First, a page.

Lewis and Clark Bridge (Columbia River)

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Lewis and Clark Bridge
Lewis&ClarkBridgeSP.jpg
Coordinates46°06′17″N 122°57′42″W / 46.1047°N 122.9618°W / 46.1047; -122.9618
Carries SR 433[1]
CrossesColumbia River
LocaleLongview, Washington, to
Rainier, Oregon
Maintained byWashington State DOT
Characteristics
DesignCantilever through-truss
Total length2,722 feet (830 m)[1]
Longest span1,200 ft (366 m)[1]
History
DesignerJoseph Strauss
OpenedMarch 29, 1930
Longview Bridge
Lewis and Clark Bridge (Columbia River) is located in Washington (state)
Lewis and Clark Bridge (Columbia River)
Lewis and Clark Bridge (Columbia River) is located in Oregon
Lewis and Clark Bridge (Columbia River)
Lewis and Clark Bridge (Columbia River) is located in the United States
Lewis and Clark Bridge (Columbia River)
LocationSpans Columbia River, Longview, Washington
Coordinates46°6′16.8″N 122°57′42.6″W / 46.104667°N 122.961833°W / 46.104667; -122.961833Coordinates: 46°6′16.8″N 122°57′42.6″W / 46.104667°N 122.961833°W / 46.104667; -122.961833
Area7.2 acres (2.9 ha)
Built1929–30
Built byJ.H. Pomeroy & Co.
ArchitectStrauss Engineering Corp.
Architectural stylecantilever bridge
MPSHistoric Bridges/Tunnels in Washington State TR
NRHP reference No.82004208[2]
Added to NRHPJuly 16, 1982
Location

The Lewis and Clark Bridge is a cantilever bridge that spans the Columbia River between Longview, Washington, and Rainier, Oregon. At the time of completion, it had the longest cantilever span in the United States.[1]

construction of the bridge, 1930
The construction of the bridge, 1930

The bridge was opened on March 29, 1930, as a privately owned bridge named the Longview Bridge. The $5.8 million cost (equivalent to $73 million in 2020 dollars) was recovered by tolls, $1.00 for cars and $.10 for pedestrians (equivalent to $12.53 for cars and $1.25 for pedestrians in 2020 dollars). At the time it was the longest and highest cantilever bridge in the United States. The state of Washington purchased the bridge in 1947 and the tolls were removed in 1965 after the bridge was paid for. In 1980, the bridge was rededicated as the Lewis and Clark Bridge in honor of the Lewis and Clark Expedition. The deck was replaced in 2003–04 at a cost of $29.2 million.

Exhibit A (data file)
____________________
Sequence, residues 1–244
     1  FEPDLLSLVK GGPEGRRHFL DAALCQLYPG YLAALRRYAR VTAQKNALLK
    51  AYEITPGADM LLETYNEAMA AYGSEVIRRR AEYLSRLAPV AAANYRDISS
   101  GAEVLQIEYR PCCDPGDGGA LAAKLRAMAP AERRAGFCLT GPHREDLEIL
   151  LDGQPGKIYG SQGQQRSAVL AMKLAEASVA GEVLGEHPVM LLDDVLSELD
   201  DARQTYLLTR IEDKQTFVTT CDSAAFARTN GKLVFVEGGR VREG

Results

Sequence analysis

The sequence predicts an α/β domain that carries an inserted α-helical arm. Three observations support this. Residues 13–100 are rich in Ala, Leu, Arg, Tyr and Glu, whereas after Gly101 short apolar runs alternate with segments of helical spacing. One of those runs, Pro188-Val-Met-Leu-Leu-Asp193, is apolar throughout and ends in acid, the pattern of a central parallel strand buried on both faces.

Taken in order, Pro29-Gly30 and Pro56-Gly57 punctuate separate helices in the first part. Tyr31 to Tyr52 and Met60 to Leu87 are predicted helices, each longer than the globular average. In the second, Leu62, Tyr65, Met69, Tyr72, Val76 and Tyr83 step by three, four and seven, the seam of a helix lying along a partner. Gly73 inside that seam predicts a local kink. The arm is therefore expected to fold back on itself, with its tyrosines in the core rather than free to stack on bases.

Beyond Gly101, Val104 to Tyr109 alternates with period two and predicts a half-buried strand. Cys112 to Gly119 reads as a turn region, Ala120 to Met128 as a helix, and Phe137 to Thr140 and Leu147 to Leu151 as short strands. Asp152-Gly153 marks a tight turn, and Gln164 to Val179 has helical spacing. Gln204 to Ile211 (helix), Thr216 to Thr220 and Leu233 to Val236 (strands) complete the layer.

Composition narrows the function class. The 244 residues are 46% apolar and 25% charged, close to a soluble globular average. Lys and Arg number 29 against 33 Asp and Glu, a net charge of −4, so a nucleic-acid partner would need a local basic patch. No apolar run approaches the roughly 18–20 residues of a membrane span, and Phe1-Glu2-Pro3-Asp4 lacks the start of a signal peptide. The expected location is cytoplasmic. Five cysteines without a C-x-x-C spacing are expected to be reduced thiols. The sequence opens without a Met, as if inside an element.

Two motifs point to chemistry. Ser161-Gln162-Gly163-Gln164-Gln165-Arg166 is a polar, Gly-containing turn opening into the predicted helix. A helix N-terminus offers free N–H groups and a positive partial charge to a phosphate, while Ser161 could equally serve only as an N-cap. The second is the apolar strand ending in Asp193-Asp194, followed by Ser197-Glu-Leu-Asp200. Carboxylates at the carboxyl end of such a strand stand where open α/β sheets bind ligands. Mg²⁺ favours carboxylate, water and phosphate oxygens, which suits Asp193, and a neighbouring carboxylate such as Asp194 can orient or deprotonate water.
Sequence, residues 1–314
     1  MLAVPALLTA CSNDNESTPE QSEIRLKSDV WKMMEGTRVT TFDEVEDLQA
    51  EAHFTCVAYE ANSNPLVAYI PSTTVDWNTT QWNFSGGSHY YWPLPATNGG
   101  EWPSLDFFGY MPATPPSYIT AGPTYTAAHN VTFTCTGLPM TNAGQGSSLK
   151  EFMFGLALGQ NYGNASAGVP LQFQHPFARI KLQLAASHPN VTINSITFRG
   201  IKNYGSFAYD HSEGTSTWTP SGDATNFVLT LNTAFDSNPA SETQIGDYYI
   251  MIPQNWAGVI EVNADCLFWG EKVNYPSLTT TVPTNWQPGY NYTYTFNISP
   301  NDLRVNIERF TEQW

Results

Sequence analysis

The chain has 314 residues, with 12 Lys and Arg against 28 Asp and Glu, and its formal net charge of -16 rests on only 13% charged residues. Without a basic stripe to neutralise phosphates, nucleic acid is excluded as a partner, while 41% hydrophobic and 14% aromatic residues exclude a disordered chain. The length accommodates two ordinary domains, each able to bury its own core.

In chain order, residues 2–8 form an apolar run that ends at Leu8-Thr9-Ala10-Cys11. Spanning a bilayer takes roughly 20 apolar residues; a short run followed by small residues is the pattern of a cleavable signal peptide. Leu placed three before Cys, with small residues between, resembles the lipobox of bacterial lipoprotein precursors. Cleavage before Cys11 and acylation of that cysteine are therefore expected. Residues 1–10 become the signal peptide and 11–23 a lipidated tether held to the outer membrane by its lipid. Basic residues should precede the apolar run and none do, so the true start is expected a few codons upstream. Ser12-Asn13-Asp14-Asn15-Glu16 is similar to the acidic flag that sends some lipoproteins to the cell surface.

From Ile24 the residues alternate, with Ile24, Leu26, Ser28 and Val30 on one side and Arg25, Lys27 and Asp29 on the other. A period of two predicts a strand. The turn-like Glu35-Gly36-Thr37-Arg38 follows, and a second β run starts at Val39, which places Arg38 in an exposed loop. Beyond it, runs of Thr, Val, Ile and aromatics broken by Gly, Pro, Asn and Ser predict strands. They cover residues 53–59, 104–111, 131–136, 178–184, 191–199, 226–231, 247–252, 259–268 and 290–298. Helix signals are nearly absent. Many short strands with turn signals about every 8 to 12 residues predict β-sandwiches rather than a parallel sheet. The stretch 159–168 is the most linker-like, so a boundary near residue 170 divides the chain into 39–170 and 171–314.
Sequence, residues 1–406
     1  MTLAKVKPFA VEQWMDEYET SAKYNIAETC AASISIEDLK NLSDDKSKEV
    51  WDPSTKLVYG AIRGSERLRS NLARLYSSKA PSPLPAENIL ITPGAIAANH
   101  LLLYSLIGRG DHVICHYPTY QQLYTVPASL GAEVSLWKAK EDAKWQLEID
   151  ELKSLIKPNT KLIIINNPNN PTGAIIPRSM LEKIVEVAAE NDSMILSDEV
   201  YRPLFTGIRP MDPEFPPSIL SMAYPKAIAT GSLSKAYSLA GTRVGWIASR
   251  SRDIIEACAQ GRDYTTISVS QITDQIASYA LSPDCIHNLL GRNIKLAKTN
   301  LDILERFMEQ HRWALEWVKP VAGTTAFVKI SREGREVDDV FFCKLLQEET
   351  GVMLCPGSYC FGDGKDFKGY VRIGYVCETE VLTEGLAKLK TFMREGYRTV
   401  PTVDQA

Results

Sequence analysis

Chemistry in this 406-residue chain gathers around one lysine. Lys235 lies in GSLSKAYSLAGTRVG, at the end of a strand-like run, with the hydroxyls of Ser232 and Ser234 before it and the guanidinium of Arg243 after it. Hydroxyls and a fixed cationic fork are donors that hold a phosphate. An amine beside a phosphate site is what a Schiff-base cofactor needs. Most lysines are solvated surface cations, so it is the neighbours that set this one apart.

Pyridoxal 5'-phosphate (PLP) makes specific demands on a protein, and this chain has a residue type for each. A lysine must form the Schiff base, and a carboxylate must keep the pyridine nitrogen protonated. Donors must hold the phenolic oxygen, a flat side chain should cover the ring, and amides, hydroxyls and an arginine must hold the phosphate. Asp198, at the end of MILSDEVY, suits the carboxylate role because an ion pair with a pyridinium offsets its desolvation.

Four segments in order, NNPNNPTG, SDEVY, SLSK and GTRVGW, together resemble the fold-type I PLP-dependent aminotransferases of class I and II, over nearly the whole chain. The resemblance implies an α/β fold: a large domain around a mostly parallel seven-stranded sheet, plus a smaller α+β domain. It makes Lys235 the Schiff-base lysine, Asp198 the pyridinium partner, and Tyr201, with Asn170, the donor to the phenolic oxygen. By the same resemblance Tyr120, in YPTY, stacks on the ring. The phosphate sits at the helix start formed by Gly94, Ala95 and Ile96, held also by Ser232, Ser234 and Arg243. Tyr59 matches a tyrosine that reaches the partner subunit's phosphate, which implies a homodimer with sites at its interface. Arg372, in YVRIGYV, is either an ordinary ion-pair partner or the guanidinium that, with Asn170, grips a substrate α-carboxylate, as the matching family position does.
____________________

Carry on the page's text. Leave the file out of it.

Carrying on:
The bridge is 8,288 ft (2.5 km) long with 210 ft (64 m) of vertical clearance. The main span is 1,200 ft (366 m) long and the top of the bridge is 340 ft (104 m) above the river. It was designed by Joseph Strauss, the engineer of the Golden Gate Bridge.

In 1982, the bridge was entered on the National Register of Historic Places, as the Longview Bridge.[3] A feasibility study commissioned by the Washington State Legislature in 1990 recommended the construction of a second bridge to handle future traffic volumes.[4]

See also[edit]

References[edit]

  1. ^ a b c d Jackson, Donald C. (1988). Great American Bridges and Dams. Wiley. p. 313. ISBN 0-471-14385-5.
  2. ^ "National Register Information System". National Register of Historic Places. National Park Service. July 9, 2010.
  3. ^ Washington - Cowlitz County at nationalregisterofhistoricplaces.com (non-government site). Retrieved June 8, 2013.
  4. ^ Lopez, Cindy (June 20, 1991). "State study: Second Longview-Rainier bridge needed". The Daily News. p. A1. Retrieved October 10, 2021 – via Newspapers.com.

External links[edit]

Media related to Lewis and Clark Bridge at Wikimedia Commons